‘The Government wants this to be the first generation to leave the natural environment of England in a better state than it inherited.’

In fact, many environmental laws are emerging throughout the world, as people strive to protect nature from those who want her presence on the planet eliminated.

I know there are people out there who want the road or at least an alternative to what they currently have.  Speaking to those who’ve crossed my path, the main reasons seem to be the amount of traffic, adding considerable time to morning or evening commuting – or concern about too many vehicles passing through a quiet village. However, I also spoke to the local residents where the trees were being felled, who expressed their distress about the wildlife, their loss of privacy and view, their fears of pollution and noise.  And to people who thought the road building plan had been cancelled – and those who thought it wasn’t a good idea, but there was nothing they could do about it now – and those who wanted to do something, but felt too worried or scared to get involved for fear of the repercussions and consequences of disagreeing with the government, the council, the police or the firm of private security guards hired by ESCC or any of the authorities.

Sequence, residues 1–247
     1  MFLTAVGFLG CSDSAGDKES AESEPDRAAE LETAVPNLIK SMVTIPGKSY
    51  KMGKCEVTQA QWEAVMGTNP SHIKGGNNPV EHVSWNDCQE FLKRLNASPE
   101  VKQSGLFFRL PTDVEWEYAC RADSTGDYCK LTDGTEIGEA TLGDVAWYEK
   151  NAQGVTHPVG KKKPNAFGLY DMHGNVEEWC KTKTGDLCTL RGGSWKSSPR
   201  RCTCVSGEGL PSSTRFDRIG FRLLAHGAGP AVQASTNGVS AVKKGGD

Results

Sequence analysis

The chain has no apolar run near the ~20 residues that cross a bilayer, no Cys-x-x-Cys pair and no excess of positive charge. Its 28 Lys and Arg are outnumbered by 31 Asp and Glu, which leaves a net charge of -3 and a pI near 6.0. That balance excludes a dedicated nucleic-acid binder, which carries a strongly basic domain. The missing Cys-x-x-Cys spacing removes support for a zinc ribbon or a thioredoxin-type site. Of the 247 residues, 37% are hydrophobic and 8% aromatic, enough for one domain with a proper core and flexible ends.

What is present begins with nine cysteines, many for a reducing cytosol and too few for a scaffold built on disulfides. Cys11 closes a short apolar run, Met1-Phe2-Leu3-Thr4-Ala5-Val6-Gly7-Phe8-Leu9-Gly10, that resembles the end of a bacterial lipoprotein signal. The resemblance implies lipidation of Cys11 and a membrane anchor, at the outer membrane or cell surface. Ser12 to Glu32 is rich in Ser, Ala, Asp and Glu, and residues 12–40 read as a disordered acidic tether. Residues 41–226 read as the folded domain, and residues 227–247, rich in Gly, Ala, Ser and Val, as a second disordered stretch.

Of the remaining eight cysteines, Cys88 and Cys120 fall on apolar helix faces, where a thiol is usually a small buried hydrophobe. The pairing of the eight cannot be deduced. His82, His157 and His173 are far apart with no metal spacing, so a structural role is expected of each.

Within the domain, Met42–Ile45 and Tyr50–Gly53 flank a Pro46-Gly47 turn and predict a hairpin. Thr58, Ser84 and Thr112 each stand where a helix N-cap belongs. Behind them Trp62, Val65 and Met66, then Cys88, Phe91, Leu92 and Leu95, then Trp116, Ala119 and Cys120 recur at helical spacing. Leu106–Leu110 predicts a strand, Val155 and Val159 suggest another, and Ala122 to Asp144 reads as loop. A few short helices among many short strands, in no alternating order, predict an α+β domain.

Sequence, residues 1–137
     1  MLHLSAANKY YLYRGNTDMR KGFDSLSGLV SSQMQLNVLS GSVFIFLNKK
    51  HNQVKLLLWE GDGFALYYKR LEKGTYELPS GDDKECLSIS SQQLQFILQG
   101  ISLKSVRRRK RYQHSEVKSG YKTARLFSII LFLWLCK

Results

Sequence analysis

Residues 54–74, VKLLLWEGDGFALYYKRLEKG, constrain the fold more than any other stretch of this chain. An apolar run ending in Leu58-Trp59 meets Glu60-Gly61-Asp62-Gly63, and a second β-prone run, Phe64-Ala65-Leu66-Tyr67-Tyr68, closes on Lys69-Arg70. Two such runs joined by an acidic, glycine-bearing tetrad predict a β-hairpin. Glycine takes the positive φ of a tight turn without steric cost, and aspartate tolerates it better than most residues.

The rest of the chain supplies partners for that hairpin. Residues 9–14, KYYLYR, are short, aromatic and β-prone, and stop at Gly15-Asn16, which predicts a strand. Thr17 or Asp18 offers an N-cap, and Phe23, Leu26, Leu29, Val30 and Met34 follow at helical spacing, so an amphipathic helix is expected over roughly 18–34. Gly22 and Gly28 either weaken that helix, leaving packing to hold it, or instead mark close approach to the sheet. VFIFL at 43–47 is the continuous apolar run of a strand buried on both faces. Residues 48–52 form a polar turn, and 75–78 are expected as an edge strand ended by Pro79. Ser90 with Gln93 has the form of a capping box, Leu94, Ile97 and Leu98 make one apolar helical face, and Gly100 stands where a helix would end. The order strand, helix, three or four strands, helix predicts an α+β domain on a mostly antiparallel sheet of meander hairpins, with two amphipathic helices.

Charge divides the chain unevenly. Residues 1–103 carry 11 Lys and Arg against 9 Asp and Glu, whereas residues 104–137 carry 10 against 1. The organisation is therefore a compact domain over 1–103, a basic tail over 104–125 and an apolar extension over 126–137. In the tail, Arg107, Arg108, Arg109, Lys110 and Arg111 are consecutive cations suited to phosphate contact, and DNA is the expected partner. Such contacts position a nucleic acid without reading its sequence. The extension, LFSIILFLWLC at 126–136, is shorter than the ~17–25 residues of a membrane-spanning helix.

In my own experience of the past few days, I found it very disconcerting and frightening to see people looking at me as if I was a possible threat – and to hear that I wasn’t alone in feeling this way.

I tried to speak  to some of those involved in working on the road project.  Although some responded, others wouldn’t talk to me or acknowledge my presence, wouldn’t say their names, ignored me, lied to me – and it felt like I was being viewed with suspicion.  It made me wonder what they might have been told in their briefings.  Yet in all the time I was on the various sites, I heard no talk amongst the protectors of any violence or of any intent to cause harm to anyone.  The only goal was to protect what was cared about and valued.